The issue of carbon cycling is of societal relevance as we face a future impacted by the human alteration of that cycle and the resulting impacts on climate. One of the most important transition zones on earth is that of land to sea. One of the fundamental uncertainties in our understanding of the carbon cycle is how processes at transition zones determine flow of carbon globally. Consequently, understanding the bio-geo-physical fluxes and processing of carbon in estuaries is emerging as a research relevant to understanding coastal ecosystems in the face of natural and anthropogenic pressures.
Liz explains that the reason for going to Germany is that the facilities in Dr. Mollenhauer’s lab are very specialized allowing her to isolate individual compounds for radiocarbon analyses allowing them to pinpoint not only sources but the ages of the organic carbon that is coming out of the Delaware.
The objective of the project is to investigate carbon cycling in the Delaware River estuary to assess burial (sequestration) versus biological remineralization of carbon along the estuary’s chemical gradient. The aim is to improve understanding of carbon budgets within estuaries, and the global influence of estuarine processing on carbon that is delivered to the marine realm. Data generated during this fellowship will be integrated into a larger study lead by Bob Chant in IMCS and Chris Sommerfield (University of Delaware) to address how sediment mobilization and hydrodynamics govern the processing of organic carbon from different sources, particularly pre-aged sources in an estuary.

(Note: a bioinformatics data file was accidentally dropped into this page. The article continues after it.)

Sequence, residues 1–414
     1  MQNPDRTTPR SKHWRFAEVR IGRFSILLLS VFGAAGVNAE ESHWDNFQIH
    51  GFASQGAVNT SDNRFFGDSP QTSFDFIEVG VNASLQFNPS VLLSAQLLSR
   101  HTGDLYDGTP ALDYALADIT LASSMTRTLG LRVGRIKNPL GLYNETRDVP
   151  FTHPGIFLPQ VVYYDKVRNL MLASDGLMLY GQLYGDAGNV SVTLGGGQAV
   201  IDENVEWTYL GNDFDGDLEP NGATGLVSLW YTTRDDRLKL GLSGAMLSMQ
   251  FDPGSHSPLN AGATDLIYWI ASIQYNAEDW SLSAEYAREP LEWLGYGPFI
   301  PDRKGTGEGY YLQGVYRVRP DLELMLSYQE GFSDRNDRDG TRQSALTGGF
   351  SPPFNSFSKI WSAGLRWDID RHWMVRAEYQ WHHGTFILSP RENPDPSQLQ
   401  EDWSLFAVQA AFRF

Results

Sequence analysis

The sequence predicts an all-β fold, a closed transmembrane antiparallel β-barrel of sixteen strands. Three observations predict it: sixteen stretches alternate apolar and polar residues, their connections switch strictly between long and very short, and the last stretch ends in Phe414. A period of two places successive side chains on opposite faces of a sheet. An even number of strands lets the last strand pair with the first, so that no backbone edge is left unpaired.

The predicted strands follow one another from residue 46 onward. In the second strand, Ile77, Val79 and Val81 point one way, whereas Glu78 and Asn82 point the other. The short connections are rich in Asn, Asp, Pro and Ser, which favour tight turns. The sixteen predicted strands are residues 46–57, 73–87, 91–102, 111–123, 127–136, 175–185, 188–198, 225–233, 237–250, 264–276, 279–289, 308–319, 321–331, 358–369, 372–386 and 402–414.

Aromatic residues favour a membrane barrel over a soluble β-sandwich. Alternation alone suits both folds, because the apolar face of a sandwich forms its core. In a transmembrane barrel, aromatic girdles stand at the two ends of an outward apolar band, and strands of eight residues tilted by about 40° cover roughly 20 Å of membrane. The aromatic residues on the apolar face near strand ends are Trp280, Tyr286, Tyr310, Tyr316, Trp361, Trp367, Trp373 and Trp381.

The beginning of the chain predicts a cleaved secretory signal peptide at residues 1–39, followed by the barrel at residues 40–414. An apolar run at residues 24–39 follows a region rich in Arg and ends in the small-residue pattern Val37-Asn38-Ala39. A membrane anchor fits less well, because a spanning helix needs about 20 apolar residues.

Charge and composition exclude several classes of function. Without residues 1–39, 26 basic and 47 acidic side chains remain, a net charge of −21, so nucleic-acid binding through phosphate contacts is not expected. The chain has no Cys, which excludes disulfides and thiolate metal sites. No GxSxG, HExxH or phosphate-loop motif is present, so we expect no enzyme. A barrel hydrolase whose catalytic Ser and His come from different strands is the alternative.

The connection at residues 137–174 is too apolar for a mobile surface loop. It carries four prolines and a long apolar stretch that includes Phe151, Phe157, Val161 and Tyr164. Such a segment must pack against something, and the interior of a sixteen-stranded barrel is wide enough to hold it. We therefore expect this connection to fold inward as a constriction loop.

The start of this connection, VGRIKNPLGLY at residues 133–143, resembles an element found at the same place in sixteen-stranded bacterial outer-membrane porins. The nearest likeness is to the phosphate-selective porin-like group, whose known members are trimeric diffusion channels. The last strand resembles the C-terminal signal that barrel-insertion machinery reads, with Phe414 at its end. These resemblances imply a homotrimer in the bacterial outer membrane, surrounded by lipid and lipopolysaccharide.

The Hanse-Wissenschaftskolleg (HWK) is a non-profit foundation; annually the institute appoints guest scholars (Fellows) from all over the world to stay at the HWK building to facilitate collaboration with colleagues at the Universities of Bremen and Oldenburg. These competitive fellowships are intended to enhance the research potential of the universities and research institutions in the region. Marine and Climate Research is one of the four focus areas of the HWK the others are Energy Research, Social Sciences, and Neurosciences and Cognitive Sciences. The HWK promotes disciplinary and interdisciplinary collaboration among highly qualified scholars and scientists, both at national and international levels. Liz will be working jointly with Colleagues from The Alfred Wegener Institute for Polar and Marine Research, The University of Bremen, and at the Max Planc Institute for Marine Microbiology.
Liz will be in residence in Bremen, Germany for the summers of 2012 and 2013 working the labs of Dr. Gesine Mollenhauer, Dr. Sabine Kasten and Dr. Enno Schefuβ at the Alfred Wegener Institute/ University of Bremen. Their joint project is titled: Sources and fate of detrital particulate carbon in a coastal plain estuary.